How to Make Your Advisor Site Not Suck.

Posted on March 5, 2011


Yesterday I shared why I think our industry needs a reboot on the advisor websites… Ponies and White People aren’t going to cut it.

The best site with the proper elements today is Wealthfront.  Note: no cheesy stock photos of white people on boats lounging. Not sitting in convertibles smiling.

Today I thought I’d share some more details about the elements we should all be using to make us relevant to the 21st century investor.

First and foremost- no Flash. If I’m a client (or potential client)I want to read all of your information on my super awesome iPad or iPhone. I’m rich– I’ll have one of these. If not today, soon. Also, I’ll just assume your site doesn’t play music when I enter.  Please. Tell me it’s not that bad.

So here you go… the proper {and only} elements you’ll need.

Our Story:

This should be the area where you get all lofty and inspirational. Anywhere else in the site, no thanks. And keep it 500 (ok 1000) words or less.

Contact us:

Think like a client, put it on the front page. I don’t want to have to click thru three links to get your address or fax number, or worse some lame email submit form. Put your primary custodian information on the site too.

About Us:

This is where I’ve struggled.  I hate the idea that my photo on a website is a good thing, but indeed everyone I talk to says they like seeing the people who manage the money. So show us your mug and give us your bio.

What we do:

This should be a practical guide of how the money is managed. Specific. What is in my portfolio?  Why? What’s the criteria to make it in the portfolio? And out? How often is the portfolio rebalanced? How often are you reviewing the portfolio with me? If you offer financial planning, show me a sample of what your financial plan looks like. If there are any pictures like this one… I might have to slap you. Get specific.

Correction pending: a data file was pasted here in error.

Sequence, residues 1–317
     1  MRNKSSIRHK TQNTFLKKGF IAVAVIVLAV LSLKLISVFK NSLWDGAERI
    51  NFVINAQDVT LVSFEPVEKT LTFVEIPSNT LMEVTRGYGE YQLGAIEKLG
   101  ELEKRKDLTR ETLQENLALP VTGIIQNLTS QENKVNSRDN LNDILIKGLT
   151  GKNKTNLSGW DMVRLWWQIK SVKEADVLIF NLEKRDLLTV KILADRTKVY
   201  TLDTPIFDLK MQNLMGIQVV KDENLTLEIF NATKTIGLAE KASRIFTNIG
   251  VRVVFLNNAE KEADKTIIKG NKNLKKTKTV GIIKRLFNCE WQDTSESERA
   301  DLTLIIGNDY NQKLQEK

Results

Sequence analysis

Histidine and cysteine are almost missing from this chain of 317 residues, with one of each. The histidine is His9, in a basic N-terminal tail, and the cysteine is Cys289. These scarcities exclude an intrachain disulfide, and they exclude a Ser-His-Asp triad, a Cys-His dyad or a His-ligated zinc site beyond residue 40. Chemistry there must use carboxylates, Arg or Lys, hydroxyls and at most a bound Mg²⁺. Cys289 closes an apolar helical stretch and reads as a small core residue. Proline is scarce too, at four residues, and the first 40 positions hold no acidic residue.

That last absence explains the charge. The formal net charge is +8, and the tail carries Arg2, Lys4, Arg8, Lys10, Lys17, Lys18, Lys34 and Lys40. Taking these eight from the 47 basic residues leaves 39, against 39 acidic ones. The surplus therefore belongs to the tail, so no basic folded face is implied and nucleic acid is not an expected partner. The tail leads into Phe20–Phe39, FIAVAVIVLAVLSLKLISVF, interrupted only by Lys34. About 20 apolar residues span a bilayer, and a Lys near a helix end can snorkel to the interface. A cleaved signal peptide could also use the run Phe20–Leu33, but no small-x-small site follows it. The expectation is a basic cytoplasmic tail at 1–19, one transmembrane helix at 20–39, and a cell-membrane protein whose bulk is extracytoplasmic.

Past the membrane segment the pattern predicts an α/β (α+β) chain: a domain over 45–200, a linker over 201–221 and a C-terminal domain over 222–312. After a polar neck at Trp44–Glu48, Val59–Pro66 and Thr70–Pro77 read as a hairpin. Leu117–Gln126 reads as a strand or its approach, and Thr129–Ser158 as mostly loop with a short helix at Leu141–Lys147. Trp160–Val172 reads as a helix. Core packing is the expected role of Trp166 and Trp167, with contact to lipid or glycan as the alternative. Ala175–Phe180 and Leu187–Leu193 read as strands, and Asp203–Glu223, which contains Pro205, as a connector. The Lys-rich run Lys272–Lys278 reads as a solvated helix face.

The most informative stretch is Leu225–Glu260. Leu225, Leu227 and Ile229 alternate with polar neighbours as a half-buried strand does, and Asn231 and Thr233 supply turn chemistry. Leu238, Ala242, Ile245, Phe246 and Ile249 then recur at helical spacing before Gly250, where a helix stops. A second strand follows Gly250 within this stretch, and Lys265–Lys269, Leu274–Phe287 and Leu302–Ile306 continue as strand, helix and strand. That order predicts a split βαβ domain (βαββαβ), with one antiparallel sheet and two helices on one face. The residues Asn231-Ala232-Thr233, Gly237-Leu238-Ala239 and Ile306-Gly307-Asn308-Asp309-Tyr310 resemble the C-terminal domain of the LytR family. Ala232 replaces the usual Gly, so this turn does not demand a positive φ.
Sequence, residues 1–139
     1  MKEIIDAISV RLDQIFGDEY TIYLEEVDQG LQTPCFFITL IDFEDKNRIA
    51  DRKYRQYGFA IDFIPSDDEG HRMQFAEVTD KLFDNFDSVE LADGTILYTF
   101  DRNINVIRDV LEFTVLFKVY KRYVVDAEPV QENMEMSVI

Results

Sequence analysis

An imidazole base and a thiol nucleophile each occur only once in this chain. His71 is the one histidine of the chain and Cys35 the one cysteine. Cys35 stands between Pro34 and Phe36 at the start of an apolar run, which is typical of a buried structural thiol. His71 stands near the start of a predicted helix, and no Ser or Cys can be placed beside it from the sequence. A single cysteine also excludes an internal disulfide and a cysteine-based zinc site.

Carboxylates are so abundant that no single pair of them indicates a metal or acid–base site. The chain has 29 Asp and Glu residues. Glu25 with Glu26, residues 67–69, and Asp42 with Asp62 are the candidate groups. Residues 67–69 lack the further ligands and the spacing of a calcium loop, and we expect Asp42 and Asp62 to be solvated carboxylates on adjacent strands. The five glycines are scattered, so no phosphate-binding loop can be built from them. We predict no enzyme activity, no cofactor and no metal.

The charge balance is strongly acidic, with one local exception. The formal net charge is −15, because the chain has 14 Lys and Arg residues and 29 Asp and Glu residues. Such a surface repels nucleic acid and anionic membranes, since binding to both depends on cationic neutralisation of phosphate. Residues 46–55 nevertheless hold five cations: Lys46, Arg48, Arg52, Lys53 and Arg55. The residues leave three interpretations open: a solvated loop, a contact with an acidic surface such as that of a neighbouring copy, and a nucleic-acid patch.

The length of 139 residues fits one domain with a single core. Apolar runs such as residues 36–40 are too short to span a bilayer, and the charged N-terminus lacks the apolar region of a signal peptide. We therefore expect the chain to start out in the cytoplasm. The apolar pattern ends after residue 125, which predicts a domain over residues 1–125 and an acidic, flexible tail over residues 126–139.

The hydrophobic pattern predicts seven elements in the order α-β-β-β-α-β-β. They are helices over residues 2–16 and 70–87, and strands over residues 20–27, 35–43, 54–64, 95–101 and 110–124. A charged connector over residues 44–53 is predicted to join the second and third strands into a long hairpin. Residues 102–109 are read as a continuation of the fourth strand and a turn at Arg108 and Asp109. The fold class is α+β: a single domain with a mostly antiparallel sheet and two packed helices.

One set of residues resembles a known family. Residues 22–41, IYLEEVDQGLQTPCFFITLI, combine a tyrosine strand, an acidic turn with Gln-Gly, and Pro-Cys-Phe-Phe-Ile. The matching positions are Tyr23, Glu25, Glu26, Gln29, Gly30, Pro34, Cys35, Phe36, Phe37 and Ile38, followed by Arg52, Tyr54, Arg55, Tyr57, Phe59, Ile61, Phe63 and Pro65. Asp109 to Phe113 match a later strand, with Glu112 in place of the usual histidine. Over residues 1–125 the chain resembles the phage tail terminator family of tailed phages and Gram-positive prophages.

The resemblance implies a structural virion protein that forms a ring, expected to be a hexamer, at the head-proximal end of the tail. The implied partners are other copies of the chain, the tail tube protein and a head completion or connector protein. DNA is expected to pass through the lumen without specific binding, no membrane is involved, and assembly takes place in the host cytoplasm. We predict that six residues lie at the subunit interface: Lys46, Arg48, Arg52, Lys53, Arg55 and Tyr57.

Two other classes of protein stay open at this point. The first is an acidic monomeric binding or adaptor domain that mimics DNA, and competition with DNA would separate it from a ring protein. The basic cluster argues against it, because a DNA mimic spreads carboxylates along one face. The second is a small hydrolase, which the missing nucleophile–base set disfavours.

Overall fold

Our Portfolio:

Show me a list of all of the buys and sells in the portfolio or of the model for the last twelve months. If you can’t because you personalize each account, tell me. I will be skeptical as a result. If you use private money managers or mutual funds, show the risk/return data for the top 5 you own of each.

Performance Numbers:

If you can’t provide me performance numbers, I am not interested– and neither is an investor with half a brain. This information should be on every site starting right now. For advisors who customize each and every client, an aggregate number for all of your client accounts will have to do– we understand.  But remember advisors, the more you customize advice the less scale there is to your operation, which as a professional makes me skeptical of your ability to pay proper attention to my account. Show me a sample performance report.  How often will I get a report like this? These can be gross or net– just disclose.  See? Easy Peasy.


List your Fee Schedule. If you use mutual funds or private money managers, it would be nice for you to show me the average expense ratio. Otherwise I’ll be telling people to ask.

Your Practice:

Tell me how many clients you have and how much you manage.

SEC Documents:

Show them.


If you do it, do it.  Every day, Every week, Every month, Every Quarter (is probably too little). Just be consistent.  But the key to a blog on your company site to show people what’s going on at your place.  A blog is not necessary if you hit all of the other areas of design. For proper design elements of a blog see The Reformed Broker’s definitive guide.

Everything Else:

Anything else is fluff and a futile waster of time & resources. So, please take down the generic market news & quotes.  The calculators. The “useful links.” This pretty much applies to every LPL advisor in the world, btw. I’m not going your site to see these things. There is this new thing called Google Finance that pretty much covers my needs.


Thanks. Buh-bye. Oh, and #Winning.

Posted in: abnormal returns